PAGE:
Ron Schuler, Member in Charge of the Pittsburgh office, recently gave a presentation on “The Steel Bar: ‘In-House Lawyers’ in Pittsburgh – History and Ethics,” with special guest Jerry Richey, general counsel of the University of Pittsburgh, to the Pittsburgh chapter of the Association of Corporate Counsel.
Schuler’s talk, which was a preview of his book-in-progress, The Steel Bar: Pittsburgh Lawyers and the Making of Modern America, focused on episodes from the book involving in-house lawyers, with sidebar discussions about ethical issues with Richey.
Schuler discussed the development of the concept of an in-house lawyer in Pittsburgh – “a job that didn’t exist in 1800” – through George Westinghouse’s pioneering appointment of Pittsburgh patent lawyer George Christy as Vice President and general counsel of Westinghouse Air Brake Company in 1873, to the creation of the “in-house law firm” by Alcoa general counsel Leon Hickman in the 1950s. Schuler also commented on the role of the in-house lawyer in the conflict between Carnegie and Frick that led to the “World’s Greatest Lawsuit” and the role of big company GCs — such as Alcoa’s Hickman, PPG’s Leland Hazard and Mellon’s Arthur Van Buskirk — in driving Pittsburgh’s Renaissance civic improvement projects during the 1940s and 50s.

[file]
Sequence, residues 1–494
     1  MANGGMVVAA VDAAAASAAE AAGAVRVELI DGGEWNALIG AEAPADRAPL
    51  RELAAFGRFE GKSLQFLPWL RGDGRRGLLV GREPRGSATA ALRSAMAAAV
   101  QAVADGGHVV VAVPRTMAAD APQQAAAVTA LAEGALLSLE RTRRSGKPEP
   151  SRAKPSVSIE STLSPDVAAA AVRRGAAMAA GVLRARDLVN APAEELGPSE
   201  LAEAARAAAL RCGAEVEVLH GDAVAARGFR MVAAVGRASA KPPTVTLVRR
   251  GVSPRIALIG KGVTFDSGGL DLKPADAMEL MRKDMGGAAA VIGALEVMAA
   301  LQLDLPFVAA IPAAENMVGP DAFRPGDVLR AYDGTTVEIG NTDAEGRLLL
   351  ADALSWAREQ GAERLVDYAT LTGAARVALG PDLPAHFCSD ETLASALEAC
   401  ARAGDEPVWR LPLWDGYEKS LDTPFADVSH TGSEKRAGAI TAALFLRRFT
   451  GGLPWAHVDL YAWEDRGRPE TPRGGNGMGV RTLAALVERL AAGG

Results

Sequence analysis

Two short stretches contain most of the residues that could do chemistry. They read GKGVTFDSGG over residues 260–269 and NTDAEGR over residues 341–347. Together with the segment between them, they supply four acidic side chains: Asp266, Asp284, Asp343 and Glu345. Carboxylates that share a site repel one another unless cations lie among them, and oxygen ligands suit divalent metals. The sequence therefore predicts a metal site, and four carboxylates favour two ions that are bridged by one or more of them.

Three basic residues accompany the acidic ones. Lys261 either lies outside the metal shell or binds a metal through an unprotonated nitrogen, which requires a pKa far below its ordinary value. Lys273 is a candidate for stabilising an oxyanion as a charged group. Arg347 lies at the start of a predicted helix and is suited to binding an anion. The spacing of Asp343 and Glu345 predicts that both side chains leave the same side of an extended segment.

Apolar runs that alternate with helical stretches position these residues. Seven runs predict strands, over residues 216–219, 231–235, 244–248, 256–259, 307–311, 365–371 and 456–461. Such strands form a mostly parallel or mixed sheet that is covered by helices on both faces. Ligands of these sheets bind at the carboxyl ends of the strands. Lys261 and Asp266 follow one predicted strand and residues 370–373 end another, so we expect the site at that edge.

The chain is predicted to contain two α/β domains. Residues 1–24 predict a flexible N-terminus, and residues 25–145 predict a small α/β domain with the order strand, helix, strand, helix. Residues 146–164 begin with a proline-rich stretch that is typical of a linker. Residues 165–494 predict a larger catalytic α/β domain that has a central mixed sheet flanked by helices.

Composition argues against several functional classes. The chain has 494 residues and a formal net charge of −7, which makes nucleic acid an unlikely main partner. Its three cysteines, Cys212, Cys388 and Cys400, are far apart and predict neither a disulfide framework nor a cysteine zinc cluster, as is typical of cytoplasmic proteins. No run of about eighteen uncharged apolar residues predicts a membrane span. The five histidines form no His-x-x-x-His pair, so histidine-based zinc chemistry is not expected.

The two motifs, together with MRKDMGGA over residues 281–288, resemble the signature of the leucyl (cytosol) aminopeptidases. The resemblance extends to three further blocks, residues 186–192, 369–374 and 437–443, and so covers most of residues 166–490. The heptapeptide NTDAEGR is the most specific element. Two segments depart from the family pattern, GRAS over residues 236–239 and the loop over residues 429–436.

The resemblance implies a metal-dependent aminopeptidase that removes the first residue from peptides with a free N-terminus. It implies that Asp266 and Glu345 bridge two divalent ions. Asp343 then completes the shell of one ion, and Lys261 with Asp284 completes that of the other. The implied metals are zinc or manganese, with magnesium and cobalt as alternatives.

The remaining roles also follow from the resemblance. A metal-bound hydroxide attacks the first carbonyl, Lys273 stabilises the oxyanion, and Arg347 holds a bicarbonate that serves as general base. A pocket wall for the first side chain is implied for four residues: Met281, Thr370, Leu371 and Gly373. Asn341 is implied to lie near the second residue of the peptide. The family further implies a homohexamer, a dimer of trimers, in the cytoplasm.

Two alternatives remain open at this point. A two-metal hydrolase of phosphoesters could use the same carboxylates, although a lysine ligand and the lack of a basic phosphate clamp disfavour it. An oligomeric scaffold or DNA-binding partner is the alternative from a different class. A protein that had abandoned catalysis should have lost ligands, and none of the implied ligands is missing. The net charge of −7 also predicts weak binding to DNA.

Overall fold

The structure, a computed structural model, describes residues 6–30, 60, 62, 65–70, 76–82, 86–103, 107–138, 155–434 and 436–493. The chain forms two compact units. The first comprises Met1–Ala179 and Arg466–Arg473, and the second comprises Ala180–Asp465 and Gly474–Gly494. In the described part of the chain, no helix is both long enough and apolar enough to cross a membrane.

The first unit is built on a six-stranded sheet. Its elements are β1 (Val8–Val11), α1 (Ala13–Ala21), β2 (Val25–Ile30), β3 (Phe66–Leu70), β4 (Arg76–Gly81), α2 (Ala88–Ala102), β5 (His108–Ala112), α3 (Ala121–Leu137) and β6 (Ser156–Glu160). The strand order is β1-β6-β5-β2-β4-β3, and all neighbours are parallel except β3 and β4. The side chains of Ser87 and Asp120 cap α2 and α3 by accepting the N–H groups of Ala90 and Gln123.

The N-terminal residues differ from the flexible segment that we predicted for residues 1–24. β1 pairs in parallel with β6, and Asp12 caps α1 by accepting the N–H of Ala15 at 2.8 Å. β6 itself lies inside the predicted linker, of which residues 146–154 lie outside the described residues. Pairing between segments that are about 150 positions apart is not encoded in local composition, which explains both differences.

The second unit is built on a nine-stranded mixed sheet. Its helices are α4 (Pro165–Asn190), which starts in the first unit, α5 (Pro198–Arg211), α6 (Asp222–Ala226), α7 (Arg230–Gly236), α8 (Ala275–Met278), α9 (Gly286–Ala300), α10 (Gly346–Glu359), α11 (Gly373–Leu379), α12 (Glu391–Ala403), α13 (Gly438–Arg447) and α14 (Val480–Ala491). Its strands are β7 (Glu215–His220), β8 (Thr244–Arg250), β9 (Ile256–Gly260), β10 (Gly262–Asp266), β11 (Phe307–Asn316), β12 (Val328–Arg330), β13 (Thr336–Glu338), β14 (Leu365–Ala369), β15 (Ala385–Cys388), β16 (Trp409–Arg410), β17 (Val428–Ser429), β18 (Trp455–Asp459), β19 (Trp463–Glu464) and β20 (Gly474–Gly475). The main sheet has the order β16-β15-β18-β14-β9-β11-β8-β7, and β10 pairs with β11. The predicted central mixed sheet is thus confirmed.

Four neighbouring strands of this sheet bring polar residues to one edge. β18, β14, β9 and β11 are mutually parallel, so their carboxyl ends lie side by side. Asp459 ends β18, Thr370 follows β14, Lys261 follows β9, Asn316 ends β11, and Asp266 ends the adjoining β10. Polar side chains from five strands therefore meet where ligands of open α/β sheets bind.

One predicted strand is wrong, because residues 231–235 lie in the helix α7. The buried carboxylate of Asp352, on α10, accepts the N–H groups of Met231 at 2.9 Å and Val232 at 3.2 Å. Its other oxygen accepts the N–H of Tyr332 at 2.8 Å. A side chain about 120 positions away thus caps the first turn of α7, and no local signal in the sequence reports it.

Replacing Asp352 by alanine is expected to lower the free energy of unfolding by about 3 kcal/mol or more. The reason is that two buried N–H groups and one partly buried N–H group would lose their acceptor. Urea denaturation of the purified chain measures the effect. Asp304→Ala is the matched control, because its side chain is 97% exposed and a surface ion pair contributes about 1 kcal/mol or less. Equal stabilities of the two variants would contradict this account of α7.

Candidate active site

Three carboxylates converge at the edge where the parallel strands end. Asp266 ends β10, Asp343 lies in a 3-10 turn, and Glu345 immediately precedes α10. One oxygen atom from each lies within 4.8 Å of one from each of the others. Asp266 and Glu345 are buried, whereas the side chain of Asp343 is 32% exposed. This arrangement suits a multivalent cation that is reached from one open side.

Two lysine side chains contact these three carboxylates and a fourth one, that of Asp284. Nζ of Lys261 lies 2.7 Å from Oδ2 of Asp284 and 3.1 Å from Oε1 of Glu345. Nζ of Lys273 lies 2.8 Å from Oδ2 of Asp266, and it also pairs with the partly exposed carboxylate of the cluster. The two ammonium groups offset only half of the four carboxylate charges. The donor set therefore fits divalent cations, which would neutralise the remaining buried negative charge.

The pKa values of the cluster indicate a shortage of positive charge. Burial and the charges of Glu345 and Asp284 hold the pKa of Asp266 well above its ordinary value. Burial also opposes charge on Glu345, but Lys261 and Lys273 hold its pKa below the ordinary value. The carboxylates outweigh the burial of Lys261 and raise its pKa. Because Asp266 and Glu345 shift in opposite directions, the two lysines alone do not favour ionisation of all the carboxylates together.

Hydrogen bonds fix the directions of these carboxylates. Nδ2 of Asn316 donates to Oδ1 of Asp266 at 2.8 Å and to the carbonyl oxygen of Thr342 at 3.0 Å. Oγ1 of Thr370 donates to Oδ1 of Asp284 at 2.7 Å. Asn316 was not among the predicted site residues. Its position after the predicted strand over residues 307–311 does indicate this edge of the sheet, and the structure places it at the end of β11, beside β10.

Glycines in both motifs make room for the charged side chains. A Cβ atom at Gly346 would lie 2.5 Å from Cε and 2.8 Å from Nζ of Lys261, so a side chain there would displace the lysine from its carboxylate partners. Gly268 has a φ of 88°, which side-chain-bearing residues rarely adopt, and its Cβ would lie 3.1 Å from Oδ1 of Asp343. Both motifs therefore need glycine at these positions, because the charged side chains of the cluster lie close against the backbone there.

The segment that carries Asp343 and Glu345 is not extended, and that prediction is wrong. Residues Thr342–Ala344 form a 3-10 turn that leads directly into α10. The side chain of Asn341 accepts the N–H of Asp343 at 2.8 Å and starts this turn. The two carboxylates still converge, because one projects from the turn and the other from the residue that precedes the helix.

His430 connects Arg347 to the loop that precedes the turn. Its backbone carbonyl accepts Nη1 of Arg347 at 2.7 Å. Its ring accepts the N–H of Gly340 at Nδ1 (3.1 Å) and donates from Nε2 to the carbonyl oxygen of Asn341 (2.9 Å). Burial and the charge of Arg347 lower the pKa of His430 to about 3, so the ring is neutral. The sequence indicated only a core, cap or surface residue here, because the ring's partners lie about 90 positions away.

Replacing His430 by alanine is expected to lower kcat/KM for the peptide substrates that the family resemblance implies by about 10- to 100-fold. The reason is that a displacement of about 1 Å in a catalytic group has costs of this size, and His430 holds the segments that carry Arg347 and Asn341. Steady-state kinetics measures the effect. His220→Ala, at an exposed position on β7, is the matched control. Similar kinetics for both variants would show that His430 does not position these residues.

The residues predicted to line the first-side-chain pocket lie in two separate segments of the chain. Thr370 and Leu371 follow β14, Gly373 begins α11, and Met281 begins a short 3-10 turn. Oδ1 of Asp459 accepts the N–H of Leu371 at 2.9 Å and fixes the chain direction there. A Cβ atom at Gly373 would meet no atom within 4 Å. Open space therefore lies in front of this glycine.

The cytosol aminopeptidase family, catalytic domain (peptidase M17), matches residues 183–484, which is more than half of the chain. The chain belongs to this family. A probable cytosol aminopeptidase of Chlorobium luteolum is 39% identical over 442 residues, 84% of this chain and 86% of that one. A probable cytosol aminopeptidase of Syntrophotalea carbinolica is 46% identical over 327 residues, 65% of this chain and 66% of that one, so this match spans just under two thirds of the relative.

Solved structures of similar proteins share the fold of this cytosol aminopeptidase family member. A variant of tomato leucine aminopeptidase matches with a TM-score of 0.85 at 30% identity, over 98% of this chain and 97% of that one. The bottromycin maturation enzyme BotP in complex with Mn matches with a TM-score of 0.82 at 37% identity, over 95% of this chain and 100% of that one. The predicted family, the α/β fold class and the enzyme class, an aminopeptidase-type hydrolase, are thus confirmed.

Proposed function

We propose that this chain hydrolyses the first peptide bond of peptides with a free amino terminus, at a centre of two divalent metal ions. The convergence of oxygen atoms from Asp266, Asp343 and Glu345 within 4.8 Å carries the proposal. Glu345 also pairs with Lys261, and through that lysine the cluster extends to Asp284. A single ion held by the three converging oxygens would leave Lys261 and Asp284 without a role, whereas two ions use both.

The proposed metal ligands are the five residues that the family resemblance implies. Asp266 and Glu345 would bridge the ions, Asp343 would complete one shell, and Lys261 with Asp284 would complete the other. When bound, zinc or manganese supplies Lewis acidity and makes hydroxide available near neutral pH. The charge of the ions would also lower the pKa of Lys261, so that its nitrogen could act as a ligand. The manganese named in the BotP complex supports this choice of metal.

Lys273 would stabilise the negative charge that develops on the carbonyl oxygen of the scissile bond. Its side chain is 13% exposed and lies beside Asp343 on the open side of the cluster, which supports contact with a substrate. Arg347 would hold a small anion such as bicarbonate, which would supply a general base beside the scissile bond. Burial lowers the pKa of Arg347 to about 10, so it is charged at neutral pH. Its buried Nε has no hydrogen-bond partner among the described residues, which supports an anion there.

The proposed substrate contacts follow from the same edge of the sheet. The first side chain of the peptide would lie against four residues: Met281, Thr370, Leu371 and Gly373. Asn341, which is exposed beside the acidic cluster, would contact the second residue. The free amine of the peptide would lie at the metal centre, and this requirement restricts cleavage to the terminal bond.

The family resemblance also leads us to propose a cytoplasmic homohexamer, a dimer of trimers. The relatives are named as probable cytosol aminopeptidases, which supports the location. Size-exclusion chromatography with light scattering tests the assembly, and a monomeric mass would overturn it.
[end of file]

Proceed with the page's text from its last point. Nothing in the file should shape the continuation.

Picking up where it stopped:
The Steel Bar, Schuler explains, is not just a history of the legal profession in Pittsburgh, but a book about important aspects of American history. “It is about the ways that Pittsburgh lawyers have been engaged in important American issues at the highest levels” – for example, in defining the limits of dissent under a new constitution during the Whiskey Rebellion, improvising the legal inner-workings of American corporate ownership, management and control during Pittsburgh’s great industrial revolution of the 19th century, and working at the center of the crises that defined American labor-management relations, from the 1877 Railroad Riots, to the battle between Carnegie Steel and the steelworkers at Homestead in 1892, to the creation of the NLRB in the 1930s. The book also shows Pittsburgh lawyers and their unique experiences during important national trends and periods, such as the McCarthy Era, machine politics and the rackets, the fight for civil rights during the 1960s, and the ongoing challenges of achieving diversity within the profession. The Steel Bar is expected to be completed in early 2015.
Jerry Richey, who was named general counsel of the University of Pittsburgh in 2013, previously served as general counsel and chief legal officer at CONSOL Energy from 2005 to 2013, and prior to that served as a shareholder and ethics counsel to the firm of Buchanan Ingersoll. Richey is also known to track and field fans as a world-class miler who ran a sub-4-minute mile in the 1968 U.S. Olympic Trials, and still holds the record at the University of Pittsburgh for the 3200 meter race, with a time of 8:39.44.
To learn more about The Steel Bar, click here.